"This film is a quantum leap backwards from 'Dogma,' " said Smith, during an interview in Red Bank the first day of the Garden State shoot. "Love it or hate it, 'Dogma' had a lot on its mind. This movie has nothing on its mind. Just broad, broad comedy. It's a welcome relief from what I went through with 'Dogma,' getting death threats and hate mail. People might hate this movie, but they're not going to try and kill me for it."
The film school dropout is mum on most "Strike Back" plot points, but we can tell you this much: It will be the last time he holds his tongue as Silent Bob. The film is the final chapter in the Jersey Chronicles, retiring the characters and interlocked subplots of his early films. Smith plans to move away from autobiographical tales towards genre pictures. On the horizon is a new installment in the "Fletch" series of mordant mysteries.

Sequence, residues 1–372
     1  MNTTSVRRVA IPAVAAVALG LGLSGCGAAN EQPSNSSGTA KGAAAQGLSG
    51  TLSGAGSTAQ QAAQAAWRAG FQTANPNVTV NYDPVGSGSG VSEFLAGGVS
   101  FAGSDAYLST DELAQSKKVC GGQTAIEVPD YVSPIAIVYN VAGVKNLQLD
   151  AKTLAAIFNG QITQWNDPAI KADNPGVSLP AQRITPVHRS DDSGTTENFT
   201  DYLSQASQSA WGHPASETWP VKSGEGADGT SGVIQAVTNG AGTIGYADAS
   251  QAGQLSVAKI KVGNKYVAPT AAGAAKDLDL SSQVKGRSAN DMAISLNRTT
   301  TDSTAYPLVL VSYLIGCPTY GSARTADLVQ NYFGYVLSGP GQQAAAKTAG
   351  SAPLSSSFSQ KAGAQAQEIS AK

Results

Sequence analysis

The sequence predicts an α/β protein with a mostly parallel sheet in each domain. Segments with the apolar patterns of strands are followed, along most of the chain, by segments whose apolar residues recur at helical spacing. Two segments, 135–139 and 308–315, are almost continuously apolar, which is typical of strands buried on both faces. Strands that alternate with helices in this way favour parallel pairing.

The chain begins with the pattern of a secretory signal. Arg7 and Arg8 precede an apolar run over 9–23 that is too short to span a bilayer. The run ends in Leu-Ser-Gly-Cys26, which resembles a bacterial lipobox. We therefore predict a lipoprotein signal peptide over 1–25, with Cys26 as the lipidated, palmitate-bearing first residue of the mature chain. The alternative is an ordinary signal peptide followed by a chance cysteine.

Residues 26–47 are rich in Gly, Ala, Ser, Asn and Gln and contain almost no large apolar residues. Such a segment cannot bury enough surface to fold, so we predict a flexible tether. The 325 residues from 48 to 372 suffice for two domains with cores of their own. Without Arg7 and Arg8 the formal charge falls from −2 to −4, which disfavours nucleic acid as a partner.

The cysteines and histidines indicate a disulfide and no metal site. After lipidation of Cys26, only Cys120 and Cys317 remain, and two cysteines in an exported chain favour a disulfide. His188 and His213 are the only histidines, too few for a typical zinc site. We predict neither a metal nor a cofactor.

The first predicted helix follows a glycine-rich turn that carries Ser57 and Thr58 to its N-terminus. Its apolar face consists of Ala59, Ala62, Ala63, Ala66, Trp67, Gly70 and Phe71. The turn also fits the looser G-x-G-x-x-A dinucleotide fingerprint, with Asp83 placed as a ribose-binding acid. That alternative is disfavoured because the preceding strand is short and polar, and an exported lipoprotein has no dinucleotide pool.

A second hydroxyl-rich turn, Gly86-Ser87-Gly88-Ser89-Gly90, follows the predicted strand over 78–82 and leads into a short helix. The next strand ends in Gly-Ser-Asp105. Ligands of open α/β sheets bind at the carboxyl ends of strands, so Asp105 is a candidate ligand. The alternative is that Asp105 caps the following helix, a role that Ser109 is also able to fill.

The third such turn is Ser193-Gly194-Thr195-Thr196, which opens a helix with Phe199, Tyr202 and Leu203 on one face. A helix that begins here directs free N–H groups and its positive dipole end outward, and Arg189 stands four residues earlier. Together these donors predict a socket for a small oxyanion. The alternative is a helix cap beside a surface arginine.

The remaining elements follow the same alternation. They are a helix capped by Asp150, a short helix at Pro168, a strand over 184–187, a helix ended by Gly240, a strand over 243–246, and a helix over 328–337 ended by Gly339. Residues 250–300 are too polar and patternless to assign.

"It's time to move on to something else," said Smith, whose wife Jennifer and 1-year-old daughter Harley Quinn both appear in "Strike Back." "I think we took this as far as we can take it. In fact, we probably overstayed our welcome by a picture or two."
The Greek chorus of Smith's vulgar oeuvre, Jay and Silent Bob graduate to lead characters in the new flick. When the pair learns about an unauthorized movie based on their "Bluntman and Chronic" comic book alter-egos, they plot to sabotage the film set. James Van Der Beek and Jason Biggs play the actors cast as the nickel-bagging superfriends.